Portrait of Warren Buffett, January 1980.
Lee Balterman | The LIFE Images Collection | Getty Images
The U.S. stock market has seen remarkable change over the last 34 years between the meteoric rise of low-cost passive investing, algorithmic trading and the real-time digitization of financial filings.
But Wall Street’s most revered investor, decades later, is still touting the same advice.
In one of Warren Buffett’s first televised profiles, the “Oracle of Omaha” explained a simple method of investing that prioritizes an insatiable hunt for bargains, patience, and the occasional baseball analogy. A video of the interview circulated on Twitter on Monday after being shared by user Lyall Taylor.
“In the securities business, you literally every day have thousands of the major American corporations offered to you at a price and at a price that changes daily. And you don’t have to make any decisions. Nothing is forced upon you. There are no called strikes in the business,” Buffett said.
“They may be wonderful pitches to swing at, but if you don’t know enough, you don’t have to swing. And you can sit there and watch thousands of pitches and finally you get one right there where you want it … and then you swing,” he continued.
If Buffett’s advice from PBS’s “Adam Smith’s Money World” more than 30 years ago rings a bell, it’s likely because he’s hardly changed his tune over his many profitable years on Wall Street.
Berkshire Hathaway has posted average annual returns of 17.1% since 1985, well ahead of the broader stock market’s 10.5% including dividends. If you’d invested $10,000 in Berkshire Hathaway at the start of 1985 you’d now have $2.4 million; the same principal in the S&P 500 would now be worth about $227,000.
‘No called strikes’
In one part of the 1985 interview, Buffett explains that the key to good value investing is about exploiting one’s “area of competence” in determining the real value of a business. Then, taking advantage of one’s expertise in a group of stocks, an investor can sometimes find upside opportunities when the market prices the securities below their actual worth.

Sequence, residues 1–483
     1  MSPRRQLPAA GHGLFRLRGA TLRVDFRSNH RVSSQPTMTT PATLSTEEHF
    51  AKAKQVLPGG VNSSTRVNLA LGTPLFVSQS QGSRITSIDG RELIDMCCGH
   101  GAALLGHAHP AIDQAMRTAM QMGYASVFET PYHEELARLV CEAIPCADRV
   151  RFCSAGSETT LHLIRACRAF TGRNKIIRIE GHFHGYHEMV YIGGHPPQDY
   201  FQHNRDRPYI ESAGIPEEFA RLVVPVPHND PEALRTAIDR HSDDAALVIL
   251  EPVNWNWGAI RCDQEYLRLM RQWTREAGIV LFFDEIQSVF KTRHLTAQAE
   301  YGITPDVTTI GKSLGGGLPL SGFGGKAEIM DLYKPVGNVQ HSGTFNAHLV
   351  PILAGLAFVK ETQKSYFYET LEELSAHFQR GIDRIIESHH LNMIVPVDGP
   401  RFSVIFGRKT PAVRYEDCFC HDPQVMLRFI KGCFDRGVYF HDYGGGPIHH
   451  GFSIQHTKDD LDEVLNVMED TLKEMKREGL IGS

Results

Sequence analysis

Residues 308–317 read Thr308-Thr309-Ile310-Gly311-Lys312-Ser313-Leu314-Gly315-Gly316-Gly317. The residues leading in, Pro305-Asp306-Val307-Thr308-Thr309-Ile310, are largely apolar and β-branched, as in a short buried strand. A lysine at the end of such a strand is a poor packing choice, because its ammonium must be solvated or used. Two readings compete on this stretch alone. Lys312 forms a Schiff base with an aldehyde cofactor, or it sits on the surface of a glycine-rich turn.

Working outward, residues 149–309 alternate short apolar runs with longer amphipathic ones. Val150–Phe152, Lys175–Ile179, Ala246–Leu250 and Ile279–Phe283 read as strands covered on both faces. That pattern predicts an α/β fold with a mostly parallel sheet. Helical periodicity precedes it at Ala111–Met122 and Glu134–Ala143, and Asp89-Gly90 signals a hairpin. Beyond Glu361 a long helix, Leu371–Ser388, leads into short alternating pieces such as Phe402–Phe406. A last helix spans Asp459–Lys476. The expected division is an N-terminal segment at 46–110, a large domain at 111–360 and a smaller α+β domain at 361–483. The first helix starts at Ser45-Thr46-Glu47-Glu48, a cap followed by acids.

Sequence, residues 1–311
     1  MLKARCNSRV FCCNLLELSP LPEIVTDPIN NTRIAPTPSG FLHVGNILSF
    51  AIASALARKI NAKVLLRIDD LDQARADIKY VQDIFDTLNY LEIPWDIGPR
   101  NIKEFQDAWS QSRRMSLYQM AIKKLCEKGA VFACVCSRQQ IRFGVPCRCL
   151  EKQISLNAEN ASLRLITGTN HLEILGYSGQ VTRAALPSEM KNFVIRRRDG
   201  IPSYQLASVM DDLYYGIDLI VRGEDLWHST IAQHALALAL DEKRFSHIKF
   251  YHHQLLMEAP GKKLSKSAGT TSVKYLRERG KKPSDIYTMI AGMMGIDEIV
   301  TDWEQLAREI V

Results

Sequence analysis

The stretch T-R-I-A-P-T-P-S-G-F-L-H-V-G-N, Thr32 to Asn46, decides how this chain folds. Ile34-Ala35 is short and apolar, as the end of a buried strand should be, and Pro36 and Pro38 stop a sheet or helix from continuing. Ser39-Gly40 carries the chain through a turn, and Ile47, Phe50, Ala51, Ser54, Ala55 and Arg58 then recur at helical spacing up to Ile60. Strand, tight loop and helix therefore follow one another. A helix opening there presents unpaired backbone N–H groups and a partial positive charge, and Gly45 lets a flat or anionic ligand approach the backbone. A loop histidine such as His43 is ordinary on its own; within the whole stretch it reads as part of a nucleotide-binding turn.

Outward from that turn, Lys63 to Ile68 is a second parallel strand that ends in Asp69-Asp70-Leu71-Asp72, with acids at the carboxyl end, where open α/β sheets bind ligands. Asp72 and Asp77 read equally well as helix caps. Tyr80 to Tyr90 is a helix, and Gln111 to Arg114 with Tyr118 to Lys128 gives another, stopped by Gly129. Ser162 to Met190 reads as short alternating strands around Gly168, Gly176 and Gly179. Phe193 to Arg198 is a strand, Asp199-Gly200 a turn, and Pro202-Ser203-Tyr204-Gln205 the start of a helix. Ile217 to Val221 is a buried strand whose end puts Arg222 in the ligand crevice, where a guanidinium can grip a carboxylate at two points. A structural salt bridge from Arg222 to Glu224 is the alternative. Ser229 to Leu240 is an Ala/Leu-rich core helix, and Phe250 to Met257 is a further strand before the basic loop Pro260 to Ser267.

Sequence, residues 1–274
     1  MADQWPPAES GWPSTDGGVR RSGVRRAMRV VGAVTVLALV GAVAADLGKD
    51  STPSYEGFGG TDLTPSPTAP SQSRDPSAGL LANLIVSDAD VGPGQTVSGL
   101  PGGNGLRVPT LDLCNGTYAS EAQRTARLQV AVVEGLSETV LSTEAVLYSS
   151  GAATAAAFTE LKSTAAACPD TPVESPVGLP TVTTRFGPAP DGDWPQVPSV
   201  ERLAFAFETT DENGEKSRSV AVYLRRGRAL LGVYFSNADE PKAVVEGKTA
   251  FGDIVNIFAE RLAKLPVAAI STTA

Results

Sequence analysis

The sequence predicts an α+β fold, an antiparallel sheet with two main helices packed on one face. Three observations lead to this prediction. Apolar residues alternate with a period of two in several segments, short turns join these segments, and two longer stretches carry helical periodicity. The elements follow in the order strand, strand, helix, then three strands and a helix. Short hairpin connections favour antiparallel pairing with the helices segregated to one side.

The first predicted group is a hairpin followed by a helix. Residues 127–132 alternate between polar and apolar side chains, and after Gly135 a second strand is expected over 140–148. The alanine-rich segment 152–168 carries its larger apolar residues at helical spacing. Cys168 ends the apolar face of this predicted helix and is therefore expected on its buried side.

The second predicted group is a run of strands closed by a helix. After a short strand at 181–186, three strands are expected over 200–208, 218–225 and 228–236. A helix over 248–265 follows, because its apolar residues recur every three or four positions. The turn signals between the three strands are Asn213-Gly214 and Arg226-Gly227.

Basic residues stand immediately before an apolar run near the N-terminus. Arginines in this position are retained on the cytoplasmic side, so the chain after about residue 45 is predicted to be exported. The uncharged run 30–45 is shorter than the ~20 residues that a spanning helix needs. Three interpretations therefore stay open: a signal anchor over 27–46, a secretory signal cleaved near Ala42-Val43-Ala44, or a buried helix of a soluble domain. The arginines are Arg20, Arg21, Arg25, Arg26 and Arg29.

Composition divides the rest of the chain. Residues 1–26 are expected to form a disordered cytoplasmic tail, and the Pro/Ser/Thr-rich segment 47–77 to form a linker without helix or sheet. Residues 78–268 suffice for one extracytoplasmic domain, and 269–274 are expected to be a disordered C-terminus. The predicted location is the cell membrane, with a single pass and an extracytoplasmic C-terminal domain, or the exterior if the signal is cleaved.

Fourteen years later, at Berkshire Hathaway’s 1999 stakeholder meeting, Buffett would tell investors that “different people understand different businesses. And the important thing is to know which ones you do understand and when you’re operating within what I call your ‘circle of competence.'”
“There are all kinds of things I’m not competent to value … There are few I am competent to value,” Buffett said in 1985. “There are all kinds of things I don’t know about, and that may be too bad, but why should I know all about them?”
Buffett, the chairman and CEO of Berkshire Hathaway, has served as a model for a generation of investors with a frugal, bargain-based buying strategy stemming from his education under “Father of Value Investing” and Columbia professor Benjamin Graham.
CNBC has decades of Berkshire Hathaway meeting transcripts and interviews with Buffett himself in its Buffett Archive.
In addition to inspiring legions of value investors across the globe, Buffett’s investment philosophy also contributed to his immense personal wealth of over $80 billion, according toForbes. Though the sum makes him the world’s third richest person behind Amazon CEO Jeff Bezos and Microsoft founder Bill Gates, Buffett has pledged to donate more than 99% of his worth to charitable causes.
‘You don’t need tons of IQ in this business’
While Buffett has long credited his focus on his own “circle of competence” for his success, he also tends to invest in companies with minimal debt, reliable cash flows and sounds management teams. He also told “Money World” host George Goodman in 1985 that a good investment manager isn’t a necessarily a genius, but someone with a calm disposition.
“You don’t need tons of IQ in this business. I mean, you have to have enough IQ to get from here to downtown Omaha, but you do not have to be able to play three-dimensional chess,” Buffett quipped.
“You need a stable personality,” he continued. “You need a temperament that neither derives great pleasure from being with the crowd or against the crowd because this is not a business where you take polls. It’s a business where you think.”
Another investment tenant the 89-year-old has touted throughout his career is remembering to think about each holding as proof of ownership.
“Most of the professional investors focus on what the stock is likely to do in the next year or two. And they’ve all kind of arcane methods of approaching that, but they do not really think of themselves as owning a piece of a business,” Buffett told Goodman.
“The real test of whether you’re investing from a value standpoint or not is whether you care whether the stock market is open tomorrow,” he explained. “If you’re making a good investment in a security, it shouldn’t bother you if they closed the stock market for five years.”